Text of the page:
Even with good insurance, seeing specialists and getting tests took every penny they had and then some.
Meanwhile, Leah’s health continued to deteriorate.
In 2017, she was diagnosed with Lyme disease, mold illness, co-infections, chemical sensitivity, and chronic fatigue syndrome, as well as other serious health conditions.
Lyme disease alone is awful and difficult to treat, as each person’s body responds differently.
It’s a life-altering disease that often takes away even the simple things in life.
The Centers for Disease Control and Prevention (CDC) estimates that 329,000 cases of Lyme disease occur annually in the U.S. — yet public funding per patient is far below that for other less common illnesses.
The other illnesses Leah is also fighting make her condition high-risk and require a specific environment even to begin treatments.
The mold illness and mold contamination in the couple’s home of 12 years requires them to get rid of everything they own (except for a few photos).
It’s as if a fire or flood is destroying all of their belongings — only in this instance, the problem is not covered by insurance (mold isn’t covered in the state of Georgia).
The loss has been overwhelming. “Jesus hold us tight. It hurts so bad!” has been Leah’s fervent prayer.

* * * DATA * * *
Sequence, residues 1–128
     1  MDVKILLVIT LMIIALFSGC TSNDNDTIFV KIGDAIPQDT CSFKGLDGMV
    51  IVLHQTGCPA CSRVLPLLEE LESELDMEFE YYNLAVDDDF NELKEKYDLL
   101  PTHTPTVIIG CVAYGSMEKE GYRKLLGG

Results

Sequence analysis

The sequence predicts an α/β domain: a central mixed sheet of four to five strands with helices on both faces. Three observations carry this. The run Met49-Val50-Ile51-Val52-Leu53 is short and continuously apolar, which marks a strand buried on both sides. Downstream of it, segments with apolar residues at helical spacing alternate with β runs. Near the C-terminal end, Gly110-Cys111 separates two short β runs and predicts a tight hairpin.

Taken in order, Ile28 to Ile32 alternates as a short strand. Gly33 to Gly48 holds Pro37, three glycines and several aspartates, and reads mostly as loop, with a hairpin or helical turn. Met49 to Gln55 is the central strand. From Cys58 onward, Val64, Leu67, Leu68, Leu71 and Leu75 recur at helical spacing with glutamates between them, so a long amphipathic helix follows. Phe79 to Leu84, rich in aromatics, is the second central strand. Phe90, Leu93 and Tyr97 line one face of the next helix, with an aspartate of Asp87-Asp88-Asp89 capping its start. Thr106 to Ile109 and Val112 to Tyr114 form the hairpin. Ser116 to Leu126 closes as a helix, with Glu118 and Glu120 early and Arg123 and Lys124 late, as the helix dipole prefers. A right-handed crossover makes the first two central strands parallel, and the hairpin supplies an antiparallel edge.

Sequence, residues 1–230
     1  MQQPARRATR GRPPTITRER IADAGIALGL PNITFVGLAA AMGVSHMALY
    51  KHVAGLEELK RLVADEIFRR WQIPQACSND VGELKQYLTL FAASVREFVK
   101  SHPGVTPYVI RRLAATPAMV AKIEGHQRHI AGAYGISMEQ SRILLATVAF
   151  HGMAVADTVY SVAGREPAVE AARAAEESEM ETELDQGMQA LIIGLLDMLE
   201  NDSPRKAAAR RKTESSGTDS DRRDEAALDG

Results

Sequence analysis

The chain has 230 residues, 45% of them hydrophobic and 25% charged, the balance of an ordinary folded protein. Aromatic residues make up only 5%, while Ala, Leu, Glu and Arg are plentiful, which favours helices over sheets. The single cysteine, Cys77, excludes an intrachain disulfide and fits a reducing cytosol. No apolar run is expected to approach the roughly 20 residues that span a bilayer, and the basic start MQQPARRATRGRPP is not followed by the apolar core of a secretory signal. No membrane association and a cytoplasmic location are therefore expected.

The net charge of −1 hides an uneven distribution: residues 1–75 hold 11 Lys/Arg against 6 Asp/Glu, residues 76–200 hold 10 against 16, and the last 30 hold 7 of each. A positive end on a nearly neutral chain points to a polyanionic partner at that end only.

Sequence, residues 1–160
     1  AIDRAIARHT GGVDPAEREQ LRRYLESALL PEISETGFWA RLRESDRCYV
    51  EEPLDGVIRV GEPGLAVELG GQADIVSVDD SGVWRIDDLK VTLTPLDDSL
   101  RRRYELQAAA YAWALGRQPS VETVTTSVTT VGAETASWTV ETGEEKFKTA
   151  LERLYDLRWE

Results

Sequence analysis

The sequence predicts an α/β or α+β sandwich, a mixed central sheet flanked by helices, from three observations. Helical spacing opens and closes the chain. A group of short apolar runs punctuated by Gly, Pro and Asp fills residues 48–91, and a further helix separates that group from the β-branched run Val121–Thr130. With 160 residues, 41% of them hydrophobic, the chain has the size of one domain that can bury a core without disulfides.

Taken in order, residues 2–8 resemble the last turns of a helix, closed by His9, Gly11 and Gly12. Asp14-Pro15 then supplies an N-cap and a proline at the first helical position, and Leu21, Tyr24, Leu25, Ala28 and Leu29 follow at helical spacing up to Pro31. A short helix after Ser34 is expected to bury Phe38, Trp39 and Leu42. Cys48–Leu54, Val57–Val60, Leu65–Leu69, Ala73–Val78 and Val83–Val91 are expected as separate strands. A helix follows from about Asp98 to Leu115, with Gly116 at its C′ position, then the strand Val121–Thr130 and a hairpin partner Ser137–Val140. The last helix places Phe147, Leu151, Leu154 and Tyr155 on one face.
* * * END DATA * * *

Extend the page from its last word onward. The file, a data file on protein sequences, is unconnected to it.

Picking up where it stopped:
Until recently, Leah and Keith have been battling everything privately, using their own resources and with the support of family (though they don’t have any family living nearby).
They’ve spent all of their savings and they’ve also accumulated debt in their search for answers and healing to the struggles Leah has been having.
They’ve researched and tried everything within their power to do what they can.
It’s become a much harder and longer journey than they ever expected.
But now they’re humbly and bravely asking for help.
They’re starting completely over — housing, furniture, clothes, cookware, and more, plus specialists, tests, and treatments.
They can’t do this alone.
That’s why, as a friend who loves them dearly and wants to see them get through this, I decided to start a GoFundMe campaign called Help Leah Heal to raise the necessary money to cover life-saving medical care and treatments; care for Leah when she’s too sick to care for herself and when Keith has to work; and replacements for all the many household items they’ve lost to mold.
Even in moments when Leah feels like she can’t get through another day, her desire is to stay positive.
She refuses to stay “stuck.”
She’s raw and real — but never throws a pity party. She’s clinging to hope and working hard to claim complete healing for her body.
As her concerned friend, I’m looking forward to the day this deserving and very special young woman is well enough to have another picnic by the river.
We’re hopeful that day is soon.
To visit the GoFundMe account for Leah, click here.
And learn more about Leah’s story in this video below:
Laura Tyson is an author, content strategist and marketing manager. She is the author of “Engaging Difficult People: 100 Practice Lessons on Empathy and How It Transforms Our Relationships.” She is based in California.
This piece originally appeared in LifeZette and is used by permission.
Read more at LifeZette.com: